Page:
As combines roll and the golden rewards of your planning, planting and tending flow into grain carts, your main focus is getting those bushels out of the field fast. However, it pays to run a few quick calculations before pouring them into bins. And once they are stored, revisit your decision often.
"Your storage decision is based on expectations of better prices and better basis," says Carl German, University of Delaware Extension grain marketing specialist. But don’t forget that storing incurs costs, he says. "Even if you store on the farm, you should allow some value for handling and management, drying, interest and shrink compared with if you delivered right out of the field."
The table below, from an interactive online Grain Marketing Decision Aid developed by German, shows how to calculate your cost of storage. You can use it to compare storing for different time periods.
In mid-September, for example, assuming 2¢/bu./month storage cost, 2¢/bu. drying cost, 4% interest and a harvest cash price of $4.83 for corn and $10.01 for soybeans, storing until March would mean a break-even cash price of $5.09 and $10.31, respectively.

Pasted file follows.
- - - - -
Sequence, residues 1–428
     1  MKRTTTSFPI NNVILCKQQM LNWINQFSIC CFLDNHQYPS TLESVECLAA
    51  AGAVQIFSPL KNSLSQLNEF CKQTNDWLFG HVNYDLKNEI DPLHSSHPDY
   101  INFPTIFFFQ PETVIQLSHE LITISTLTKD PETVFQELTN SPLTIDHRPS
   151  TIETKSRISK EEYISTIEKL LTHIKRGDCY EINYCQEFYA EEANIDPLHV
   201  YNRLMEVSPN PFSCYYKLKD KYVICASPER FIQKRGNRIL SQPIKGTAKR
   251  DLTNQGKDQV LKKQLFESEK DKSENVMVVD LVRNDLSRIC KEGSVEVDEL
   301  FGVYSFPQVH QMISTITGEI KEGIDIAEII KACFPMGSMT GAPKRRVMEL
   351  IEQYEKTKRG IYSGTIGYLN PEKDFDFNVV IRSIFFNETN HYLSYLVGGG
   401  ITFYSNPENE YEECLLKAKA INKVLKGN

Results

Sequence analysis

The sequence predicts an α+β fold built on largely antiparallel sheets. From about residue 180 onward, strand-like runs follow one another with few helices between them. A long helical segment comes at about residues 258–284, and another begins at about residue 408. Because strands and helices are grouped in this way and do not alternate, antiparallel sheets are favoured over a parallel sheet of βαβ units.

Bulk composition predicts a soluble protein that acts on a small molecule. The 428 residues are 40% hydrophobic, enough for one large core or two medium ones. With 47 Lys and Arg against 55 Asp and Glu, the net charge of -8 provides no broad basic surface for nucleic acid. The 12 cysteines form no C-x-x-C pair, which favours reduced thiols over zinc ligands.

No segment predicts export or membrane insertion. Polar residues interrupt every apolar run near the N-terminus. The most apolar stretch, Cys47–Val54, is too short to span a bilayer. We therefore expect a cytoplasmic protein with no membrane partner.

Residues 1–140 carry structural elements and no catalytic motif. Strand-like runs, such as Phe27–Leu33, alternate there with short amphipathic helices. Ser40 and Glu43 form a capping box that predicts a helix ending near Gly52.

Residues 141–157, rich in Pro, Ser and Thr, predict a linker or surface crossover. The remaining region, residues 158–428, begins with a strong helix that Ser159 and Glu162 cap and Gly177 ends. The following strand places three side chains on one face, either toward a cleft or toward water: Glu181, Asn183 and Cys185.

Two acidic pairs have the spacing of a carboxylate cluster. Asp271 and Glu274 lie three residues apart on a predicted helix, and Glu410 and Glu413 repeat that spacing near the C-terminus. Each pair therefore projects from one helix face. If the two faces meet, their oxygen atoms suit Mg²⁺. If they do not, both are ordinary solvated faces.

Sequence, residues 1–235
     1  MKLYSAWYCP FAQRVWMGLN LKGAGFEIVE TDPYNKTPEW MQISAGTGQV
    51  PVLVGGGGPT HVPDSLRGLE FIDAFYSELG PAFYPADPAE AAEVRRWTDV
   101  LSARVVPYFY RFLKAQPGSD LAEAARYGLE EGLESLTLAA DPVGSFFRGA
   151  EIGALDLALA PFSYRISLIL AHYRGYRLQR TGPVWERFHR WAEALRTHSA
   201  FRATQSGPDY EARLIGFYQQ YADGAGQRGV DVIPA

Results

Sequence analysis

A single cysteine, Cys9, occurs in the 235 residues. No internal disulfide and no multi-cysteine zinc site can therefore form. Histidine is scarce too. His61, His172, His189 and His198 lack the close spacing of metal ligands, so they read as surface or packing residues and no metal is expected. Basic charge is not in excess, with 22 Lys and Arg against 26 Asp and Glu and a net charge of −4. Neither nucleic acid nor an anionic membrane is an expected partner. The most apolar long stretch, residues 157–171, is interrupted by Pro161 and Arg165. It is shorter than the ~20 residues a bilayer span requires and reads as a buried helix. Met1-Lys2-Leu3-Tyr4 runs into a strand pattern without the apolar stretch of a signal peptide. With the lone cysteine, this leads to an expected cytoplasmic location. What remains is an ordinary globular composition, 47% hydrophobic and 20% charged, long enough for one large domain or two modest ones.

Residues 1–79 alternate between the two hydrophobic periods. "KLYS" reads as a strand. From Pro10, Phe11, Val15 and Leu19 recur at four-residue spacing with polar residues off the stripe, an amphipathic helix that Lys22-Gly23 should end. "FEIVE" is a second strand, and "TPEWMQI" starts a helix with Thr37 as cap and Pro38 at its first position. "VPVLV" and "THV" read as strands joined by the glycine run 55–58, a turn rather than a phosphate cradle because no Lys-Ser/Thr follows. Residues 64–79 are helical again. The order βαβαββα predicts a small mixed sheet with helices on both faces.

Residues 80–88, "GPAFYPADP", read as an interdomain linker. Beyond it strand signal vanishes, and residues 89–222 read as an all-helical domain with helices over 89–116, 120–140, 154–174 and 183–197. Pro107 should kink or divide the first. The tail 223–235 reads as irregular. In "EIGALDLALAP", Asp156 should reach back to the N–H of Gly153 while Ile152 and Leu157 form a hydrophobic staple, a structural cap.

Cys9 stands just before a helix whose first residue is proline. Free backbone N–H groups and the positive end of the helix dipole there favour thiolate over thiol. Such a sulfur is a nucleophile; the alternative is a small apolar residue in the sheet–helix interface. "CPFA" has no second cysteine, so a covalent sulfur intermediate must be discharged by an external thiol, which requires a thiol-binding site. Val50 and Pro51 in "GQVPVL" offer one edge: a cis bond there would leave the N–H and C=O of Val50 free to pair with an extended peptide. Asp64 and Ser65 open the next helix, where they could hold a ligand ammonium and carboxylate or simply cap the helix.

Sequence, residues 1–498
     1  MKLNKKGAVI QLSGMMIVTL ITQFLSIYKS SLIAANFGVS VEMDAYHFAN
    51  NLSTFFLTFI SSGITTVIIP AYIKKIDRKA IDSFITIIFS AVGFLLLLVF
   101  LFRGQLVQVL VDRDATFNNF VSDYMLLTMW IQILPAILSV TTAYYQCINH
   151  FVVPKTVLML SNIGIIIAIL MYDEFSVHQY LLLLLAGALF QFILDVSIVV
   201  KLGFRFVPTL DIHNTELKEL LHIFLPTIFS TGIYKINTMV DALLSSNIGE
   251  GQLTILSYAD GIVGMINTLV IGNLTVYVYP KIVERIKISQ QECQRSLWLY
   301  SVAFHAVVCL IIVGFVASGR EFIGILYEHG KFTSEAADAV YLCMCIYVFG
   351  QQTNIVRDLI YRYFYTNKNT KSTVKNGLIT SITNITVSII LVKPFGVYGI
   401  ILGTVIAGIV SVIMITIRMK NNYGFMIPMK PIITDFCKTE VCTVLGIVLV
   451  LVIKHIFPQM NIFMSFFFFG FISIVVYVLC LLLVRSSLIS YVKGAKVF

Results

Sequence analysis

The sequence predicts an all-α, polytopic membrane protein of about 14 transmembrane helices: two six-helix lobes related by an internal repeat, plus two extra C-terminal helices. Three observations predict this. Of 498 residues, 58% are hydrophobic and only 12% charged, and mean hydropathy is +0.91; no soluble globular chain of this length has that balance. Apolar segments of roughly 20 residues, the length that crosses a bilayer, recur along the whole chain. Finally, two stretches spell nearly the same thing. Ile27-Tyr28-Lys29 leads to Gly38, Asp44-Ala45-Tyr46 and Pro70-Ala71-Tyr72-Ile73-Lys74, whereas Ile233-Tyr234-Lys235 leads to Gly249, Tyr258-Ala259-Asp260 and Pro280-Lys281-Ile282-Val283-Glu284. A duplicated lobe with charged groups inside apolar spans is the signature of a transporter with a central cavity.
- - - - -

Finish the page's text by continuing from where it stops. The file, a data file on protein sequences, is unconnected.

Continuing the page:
With March corn futures at $4.91, the market was not encouraging storage. Basis would have to be a positive 18¢ to provide a return to storage—or there would have to be an improvement in the futures price.
With March soybean futures at $10.48, any basis better than 47¢ would provide a positive return to storage, given these assumptions.
For More Information
Marketing Grain Using a Storage Hedge (PDF)
Top Producer, October 2010